Patrick, Glenn and I aren’t the first ones to take this on, but we’re proud to join a team made of aggressive gay athletes and straight allies. The work of guys like Dan Woog, Cyd Ziegler and Jim Buzkinski in highlighting openly gay athletes like Greg Louganis, Martina Navratilova and other greats, along with out college players like Andrew Goldstein, Andrew McIntosh, Brandon Stoneham, Dave Farber, and the everyday rec league player, has paved the way for You Can Play. Straight allies who are vocal in their demands for respect are quickly emerging. Rugby player Ben Cohen. Wrestler Hudson Taylor. And, You Can Play owes a special debt to hockey’s own Sean Avery. We hope that, because of You Can Play, Sean won’t be the last guy to say that he’ll stand next to you in the locker room when you’re ready to come out.
I’m extremely grateful to have incredible friends. My family is the most important thing in my life. I thank them all for their friendship and support. I’m also grateful to Patrick and Glenn and their families for teaming up with us.
We invite your comments and support. Make videos. Talk about it. Argue with us. Suggest ways to help. Glenn, Patrick and I all believe sports will be better when our little brothers and sisters, uncles, cousins, teammates and best friends are judged on their athletic ability – or lack of it – rather than being gay. When you can play, we all win.
I have been around sports teams my whole life and any player, gay or straight, knows the joys of being part of the team. But they also know how homophobic a locker room can be.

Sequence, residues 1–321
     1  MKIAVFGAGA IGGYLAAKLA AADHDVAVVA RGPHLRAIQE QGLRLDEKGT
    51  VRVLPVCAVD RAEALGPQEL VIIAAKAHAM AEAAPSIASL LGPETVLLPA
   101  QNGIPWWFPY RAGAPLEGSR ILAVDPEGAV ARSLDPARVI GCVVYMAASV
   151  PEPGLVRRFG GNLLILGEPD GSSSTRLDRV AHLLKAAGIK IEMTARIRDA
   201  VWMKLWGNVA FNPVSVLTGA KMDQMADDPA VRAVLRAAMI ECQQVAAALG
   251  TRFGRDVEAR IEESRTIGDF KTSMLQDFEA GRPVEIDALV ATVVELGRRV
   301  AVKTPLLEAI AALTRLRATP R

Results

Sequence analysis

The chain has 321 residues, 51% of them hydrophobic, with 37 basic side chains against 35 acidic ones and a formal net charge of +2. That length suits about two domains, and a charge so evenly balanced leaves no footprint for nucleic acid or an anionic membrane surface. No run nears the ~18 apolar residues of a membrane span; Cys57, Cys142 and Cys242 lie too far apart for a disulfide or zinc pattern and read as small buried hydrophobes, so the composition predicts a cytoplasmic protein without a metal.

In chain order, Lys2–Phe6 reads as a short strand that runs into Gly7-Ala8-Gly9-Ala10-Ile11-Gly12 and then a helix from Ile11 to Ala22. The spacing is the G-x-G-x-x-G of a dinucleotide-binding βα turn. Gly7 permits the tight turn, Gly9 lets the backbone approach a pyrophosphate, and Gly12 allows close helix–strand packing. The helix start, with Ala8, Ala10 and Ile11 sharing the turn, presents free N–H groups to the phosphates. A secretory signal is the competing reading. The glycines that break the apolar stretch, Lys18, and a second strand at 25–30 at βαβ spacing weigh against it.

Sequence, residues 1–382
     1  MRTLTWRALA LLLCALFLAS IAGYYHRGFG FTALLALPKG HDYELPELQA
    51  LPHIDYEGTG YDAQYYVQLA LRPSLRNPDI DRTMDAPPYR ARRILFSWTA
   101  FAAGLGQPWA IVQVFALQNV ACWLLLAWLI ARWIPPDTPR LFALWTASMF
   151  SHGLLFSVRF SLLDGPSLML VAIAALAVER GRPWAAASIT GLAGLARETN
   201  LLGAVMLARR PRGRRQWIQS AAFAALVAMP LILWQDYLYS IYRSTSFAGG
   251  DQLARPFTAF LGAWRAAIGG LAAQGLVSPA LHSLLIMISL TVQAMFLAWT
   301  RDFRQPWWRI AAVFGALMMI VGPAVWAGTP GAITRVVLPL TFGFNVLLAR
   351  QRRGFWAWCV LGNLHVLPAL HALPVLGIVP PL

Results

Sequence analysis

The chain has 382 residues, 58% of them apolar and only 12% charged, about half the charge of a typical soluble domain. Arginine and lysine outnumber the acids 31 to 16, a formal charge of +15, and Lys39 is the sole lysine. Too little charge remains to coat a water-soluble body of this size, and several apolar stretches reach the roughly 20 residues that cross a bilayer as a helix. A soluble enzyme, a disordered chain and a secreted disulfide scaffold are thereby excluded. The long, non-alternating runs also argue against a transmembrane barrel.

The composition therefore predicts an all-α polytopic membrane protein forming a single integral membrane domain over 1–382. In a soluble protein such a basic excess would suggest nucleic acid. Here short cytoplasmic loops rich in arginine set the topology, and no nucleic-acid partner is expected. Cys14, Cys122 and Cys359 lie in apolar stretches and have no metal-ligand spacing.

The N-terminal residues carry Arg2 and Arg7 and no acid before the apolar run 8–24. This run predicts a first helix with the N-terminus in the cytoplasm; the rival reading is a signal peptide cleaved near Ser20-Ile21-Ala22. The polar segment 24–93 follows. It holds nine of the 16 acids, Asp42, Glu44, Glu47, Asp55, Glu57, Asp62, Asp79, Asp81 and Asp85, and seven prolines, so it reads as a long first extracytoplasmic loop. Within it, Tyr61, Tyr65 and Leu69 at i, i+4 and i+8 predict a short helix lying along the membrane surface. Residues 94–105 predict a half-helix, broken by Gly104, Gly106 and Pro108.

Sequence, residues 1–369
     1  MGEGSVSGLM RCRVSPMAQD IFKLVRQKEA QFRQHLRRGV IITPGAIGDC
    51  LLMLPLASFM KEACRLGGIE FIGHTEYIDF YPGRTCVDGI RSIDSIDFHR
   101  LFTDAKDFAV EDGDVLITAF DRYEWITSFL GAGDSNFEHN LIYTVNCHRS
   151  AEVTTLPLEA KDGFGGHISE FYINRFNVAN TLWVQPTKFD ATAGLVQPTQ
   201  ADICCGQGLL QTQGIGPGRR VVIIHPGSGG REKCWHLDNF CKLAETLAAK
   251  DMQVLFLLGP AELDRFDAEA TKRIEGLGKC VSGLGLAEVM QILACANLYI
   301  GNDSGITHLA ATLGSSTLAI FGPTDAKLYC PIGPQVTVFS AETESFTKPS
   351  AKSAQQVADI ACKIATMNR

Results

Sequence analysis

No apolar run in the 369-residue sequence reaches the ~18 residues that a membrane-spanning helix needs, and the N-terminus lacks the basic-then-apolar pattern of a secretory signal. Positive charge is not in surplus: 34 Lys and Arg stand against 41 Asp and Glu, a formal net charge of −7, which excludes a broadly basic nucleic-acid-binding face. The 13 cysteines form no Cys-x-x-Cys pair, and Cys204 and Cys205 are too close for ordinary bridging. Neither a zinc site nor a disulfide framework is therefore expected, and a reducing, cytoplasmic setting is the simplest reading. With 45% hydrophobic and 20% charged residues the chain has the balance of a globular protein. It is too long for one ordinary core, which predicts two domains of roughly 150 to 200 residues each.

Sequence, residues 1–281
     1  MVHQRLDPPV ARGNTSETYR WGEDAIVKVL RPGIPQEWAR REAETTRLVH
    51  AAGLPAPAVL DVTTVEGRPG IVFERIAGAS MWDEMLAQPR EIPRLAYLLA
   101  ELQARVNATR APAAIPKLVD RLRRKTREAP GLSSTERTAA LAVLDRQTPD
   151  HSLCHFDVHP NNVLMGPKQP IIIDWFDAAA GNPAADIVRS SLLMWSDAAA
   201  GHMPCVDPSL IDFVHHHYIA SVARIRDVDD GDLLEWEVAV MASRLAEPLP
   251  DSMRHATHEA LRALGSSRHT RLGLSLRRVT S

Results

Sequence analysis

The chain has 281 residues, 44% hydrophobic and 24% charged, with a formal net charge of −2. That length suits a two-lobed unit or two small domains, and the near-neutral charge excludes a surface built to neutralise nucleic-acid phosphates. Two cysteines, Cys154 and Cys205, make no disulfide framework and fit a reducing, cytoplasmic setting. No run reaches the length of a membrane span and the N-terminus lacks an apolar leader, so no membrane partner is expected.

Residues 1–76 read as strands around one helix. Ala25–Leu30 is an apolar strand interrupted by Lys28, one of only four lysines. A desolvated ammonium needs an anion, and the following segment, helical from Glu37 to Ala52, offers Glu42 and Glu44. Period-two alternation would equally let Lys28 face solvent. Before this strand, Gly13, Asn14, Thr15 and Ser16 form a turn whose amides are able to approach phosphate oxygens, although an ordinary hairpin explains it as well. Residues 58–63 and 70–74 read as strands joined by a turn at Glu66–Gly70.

When Gforce Sports got started in 2006, it began as an elite gay hockey team that traveled North America playing in high caliber straight tournaments. We did this to have fun, to be together, but also we wanted to show our straight allies that gay players can be just like them.
In the past few years our advocacy, through the “Invisible Athlete” Forums and the Athlete Buddy System ( more info at www.gforcesports.org) we took a more important role at a time when GLBT youth where committing suicide at an alarming rate. And we know that coaches and teams don’t get the best performance when a member of the team is forced to keep any secret or when a player feels shut out.
You Can Play shows coaches, team captains, and players how important it is to focus on skills and work ethic, not personal differences. It is my hope that You Can Play will be the catalyst that makes locker rooms safe for all athletes rather than places of fear, slurs, and bullying. With the You Can Play team we have put together and with your help, that change has already started.
My family and friends were among the first to support You Can Play. My former high school coach spoke on our behalf and showed that relationships matter even after all these years. I thank them, and you, for your support.